I hope this huge load of information has brought some clarity to everyone, though it might just make everyone more confused. To sum it up, 菜食主義 and its variations are slightly archaic. In my everyday life in Japan I'll use ベジタリアン in a pinch, followed by a description of the foods that are verboten for extra clarity, and saying I'm a "more strict vegetarian," or if I'm feeling educational/have time, I'll ask my conversational partner if they know the word ビーガン, and if they don't, explain it in detail. That way I'm helping to spread its usage, which is still in its early infancy. If anyone needs advice on how to explain the concept of veganism in Japanese, or any vegan terminology, I'm your man! Just ask.

    Now, a brief pronunciation guide (this won't be perfect, nothing beats a native speaker pronouncing things for you, of course). Also, since I don't know anything about international phonetics, I'm going to have to give the pronunciation approximations in with American English examples. Sorry!

    菜食主義者 "sai-shoku-shugi-sha"
    sigh show coo shoo ghee shuh

    ベジタリアン "bejitarian"
    beh jee tah ree ahn

    ビーガン "biigan" 
    bee (extended a little) gahn

    Okay, those might not turn out so well, but they'll give you a very rough idea of pronunciation. I'll consider making and uploading a sound file, perhaps.

  21. #21

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    Default Re: Japanese Spelling for Vegan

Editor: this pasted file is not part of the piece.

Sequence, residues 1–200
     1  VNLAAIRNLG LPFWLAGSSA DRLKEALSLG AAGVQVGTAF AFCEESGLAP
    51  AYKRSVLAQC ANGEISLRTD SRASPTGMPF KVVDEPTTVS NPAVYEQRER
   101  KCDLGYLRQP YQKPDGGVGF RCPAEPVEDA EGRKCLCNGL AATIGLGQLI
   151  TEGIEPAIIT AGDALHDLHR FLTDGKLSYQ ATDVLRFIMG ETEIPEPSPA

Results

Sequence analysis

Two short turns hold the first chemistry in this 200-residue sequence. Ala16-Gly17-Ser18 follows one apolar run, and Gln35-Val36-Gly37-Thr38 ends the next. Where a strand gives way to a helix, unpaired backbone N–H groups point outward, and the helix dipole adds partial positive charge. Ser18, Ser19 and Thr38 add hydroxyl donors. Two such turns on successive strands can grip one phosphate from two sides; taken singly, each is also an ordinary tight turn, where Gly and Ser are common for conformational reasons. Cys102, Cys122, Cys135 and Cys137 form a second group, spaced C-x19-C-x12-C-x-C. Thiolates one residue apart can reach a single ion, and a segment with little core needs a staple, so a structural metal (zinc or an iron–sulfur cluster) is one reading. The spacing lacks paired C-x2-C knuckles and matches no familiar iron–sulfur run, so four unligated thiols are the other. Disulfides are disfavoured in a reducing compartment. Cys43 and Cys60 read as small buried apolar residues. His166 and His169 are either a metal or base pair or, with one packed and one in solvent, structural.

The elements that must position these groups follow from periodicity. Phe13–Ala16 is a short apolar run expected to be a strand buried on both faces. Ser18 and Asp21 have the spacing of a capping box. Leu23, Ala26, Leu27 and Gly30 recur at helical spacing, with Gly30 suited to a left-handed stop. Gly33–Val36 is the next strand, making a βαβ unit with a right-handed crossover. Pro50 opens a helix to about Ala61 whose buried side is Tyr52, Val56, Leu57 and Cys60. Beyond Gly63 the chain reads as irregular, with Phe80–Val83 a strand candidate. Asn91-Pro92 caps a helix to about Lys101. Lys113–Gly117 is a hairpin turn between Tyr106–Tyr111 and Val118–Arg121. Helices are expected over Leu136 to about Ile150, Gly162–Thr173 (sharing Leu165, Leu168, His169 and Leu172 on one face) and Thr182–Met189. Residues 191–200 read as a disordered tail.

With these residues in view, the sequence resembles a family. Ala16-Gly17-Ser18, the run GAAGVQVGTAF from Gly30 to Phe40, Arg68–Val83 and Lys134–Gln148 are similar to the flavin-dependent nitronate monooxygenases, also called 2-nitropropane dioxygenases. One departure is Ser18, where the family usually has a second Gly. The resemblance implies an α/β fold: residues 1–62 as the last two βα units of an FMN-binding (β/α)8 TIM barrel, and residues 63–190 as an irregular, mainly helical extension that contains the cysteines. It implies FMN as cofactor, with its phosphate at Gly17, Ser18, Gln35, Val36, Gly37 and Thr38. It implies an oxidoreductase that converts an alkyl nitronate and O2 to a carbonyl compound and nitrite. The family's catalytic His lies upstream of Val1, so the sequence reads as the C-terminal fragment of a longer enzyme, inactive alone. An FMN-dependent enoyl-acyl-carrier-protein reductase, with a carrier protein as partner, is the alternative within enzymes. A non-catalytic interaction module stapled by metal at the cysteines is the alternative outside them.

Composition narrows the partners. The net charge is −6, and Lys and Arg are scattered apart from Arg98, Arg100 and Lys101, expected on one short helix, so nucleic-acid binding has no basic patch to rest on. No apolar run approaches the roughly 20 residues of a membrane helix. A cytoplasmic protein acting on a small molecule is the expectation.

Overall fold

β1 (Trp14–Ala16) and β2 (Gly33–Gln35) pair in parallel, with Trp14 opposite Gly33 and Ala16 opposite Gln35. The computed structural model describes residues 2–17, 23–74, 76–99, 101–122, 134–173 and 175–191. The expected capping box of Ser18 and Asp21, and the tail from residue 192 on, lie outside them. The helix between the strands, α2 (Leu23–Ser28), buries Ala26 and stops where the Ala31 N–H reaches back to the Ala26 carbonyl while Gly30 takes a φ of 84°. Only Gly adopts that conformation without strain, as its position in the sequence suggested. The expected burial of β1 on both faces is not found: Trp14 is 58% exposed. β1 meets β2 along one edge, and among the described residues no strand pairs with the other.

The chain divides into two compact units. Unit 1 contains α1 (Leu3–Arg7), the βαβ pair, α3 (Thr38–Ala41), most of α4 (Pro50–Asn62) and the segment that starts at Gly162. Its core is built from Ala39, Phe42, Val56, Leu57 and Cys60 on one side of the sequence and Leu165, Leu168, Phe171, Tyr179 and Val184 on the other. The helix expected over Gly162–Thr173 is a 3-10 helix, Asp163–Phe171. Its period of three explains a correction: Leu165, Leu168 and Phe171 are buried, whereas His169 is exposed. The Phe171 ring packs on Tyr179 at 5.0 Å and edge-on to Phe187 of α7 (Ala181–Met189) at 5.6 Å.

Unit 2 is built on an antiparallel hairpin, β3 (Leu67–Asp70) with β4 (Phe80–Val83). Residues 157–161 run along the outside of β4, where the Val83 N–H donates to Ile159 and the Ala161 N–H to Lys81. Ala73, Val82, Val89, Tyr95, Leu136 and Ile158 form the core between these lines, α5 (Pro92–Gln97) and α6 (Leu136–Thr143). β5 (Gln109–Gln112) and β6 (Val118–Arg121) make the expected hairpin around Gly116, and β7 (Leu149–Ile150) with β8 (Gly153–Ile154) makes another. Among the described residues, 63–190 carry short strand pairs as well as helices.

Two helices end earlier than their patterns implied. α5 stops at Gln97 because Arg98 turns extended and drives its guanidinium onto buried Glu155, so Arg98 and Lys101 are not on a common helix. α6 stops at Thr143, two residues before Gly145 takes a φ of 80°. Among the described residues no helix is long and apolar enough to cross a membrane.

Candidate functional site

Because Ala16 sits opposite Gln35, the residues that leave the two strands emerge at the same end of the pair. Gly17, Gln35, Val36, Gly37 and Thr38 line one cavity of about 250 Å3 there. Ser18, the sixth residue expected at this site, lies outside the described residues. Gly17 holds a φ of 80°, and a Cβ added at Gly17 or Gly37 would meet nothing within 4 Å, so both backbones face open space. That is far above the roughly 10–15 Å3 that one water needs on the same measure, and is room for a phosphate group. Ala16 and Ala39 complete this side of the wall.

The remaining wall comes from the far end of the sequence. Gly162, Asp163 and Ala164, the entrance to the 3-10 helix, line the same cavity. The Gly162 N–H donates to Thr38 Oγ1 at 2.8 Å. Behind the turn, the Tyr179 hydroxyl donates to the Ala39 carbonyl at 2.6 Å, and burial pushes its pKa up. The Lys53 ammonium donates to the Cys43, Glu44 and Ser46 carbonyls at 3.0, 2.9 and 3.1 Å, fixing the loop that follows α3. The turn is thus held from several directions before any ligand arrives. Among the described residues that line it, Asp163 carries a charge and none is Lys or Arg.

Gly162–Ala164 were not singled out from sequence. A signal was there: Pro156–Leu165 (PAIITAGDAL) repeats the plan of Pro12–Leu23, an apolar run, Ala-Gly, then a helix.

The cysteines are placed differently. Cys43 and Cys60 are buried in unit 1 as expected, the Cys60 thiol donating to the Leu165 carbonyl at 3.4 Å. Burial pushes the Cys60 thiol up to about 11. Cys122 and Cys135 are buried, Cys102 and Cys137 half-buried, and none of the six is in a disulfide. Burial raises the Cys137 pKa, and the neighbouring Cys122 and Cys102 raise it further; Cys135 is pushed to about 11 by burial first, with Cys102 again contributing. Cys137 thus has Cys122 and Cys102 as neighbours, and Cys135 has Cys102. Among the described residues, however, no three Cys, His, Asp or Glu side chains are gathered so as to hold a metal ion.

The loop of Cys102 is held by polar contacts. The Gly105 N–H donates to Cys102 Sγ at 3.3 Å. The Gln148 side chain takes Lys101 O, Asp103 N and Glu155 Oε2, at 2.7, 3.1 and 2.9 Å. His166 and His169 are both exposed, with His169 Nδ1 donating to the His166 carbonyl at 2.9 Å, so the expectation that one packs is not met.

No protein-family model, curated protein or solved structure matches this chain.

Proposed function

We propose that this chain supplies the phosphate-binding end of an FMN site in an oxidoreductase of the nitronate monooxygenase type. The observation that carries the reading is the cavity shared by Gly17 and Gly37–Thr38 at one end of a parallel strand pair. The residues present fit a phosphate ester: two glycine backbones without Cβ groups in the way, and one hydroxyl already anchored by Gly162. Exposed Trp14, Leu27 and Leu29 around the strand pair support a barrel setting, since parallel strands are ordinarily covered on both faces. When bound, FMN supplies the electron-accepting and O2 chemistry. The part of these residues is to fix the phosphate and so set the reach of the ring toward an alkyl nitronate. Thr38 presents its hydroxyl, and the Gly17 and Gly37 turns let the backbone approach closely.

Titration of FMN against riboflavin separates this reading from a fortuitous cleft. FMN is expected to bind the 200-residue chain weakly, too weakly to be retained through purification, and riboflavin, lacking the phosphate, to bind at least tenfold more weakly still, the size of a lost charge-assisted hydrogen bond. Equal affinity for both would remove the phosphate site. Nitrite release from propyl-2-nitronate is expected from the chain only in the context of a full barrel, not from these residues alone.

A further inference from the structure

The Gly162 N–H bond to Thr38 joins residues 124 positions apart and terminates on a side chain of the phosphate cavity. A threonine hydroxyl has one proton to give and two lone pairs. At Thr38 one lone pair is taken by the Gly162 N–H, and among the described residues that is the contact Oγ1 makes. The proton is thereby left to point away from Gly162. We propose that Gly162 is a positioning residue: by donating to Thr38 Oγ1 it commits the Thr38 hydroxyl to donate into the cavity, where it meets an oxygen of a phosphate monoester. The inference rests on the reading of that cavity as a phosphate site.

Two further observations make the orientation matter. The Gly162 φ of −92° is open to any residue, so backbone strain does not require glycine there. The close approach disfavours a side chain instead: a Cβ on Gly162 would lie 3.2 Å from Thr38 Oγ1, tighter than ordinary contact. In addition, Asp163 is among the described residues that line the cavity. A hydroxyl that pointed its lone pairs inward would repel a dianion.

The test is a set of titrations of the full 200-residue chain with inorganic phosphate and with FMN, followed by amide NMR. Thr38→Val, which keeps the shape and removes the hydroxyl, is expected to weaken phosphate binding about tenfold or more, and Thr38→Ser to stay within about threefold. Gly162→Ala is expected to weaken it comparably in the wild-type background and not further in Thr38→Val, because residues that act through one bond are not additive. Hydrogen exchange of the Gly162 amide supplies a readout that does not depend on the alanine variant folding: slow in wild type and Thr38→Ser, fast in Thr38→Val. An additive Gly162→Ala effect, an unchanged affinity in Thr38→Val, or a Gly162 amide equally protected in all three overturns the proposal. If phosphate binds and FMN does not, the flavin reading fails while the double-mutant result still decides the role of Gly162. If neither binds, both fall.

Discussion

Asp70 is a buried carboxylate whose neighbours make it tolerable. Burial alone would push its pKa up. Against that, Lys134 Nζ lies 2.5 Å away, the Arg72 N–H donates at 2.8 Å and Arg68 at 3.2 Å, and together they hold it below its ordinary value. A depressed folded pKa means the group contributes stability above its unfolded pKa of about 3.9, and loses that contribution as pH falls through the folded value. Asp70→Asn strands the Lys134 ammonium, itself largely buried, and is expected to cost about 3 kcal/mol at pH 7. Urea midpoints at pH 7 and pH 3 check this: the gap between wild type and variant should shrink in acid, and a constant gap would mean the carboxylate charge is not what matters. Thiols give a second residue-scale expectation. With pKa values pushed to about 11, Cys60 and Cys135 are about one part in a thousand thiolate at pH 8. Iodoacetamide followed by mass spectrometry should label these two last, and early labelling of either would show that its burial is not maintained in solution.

Oh yeah, and the comment about using the term 精進料理 (shoujin-ryouri) is also a good one. You can use this if all else fails... it refers to the traditional vegan Buddhist cuisine and it's a term that's very widely understood, so it will get the idea across.

    精進料理 is soooo divine, I just had it last week. It can be pricey, but if you do some research and get a smaller set and dine at lunch, it's usually not abominable... maybe 3000円 or 4000円, roughly the equivalent of $30 or $40 per person, which sounds bad but it's most definitely worth it. A large sized dinner set will set you back hundreds of dollars and have you dining for hours... a very special treat, perhaps.

  22. #22
    Lover of ducks Mila's Avatar
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    Default Re: Japanese Spelling for Vegan

    ライアンさん、日本のどこに住んでいますか。動物から物がない食べ物を探すのが大変ですか。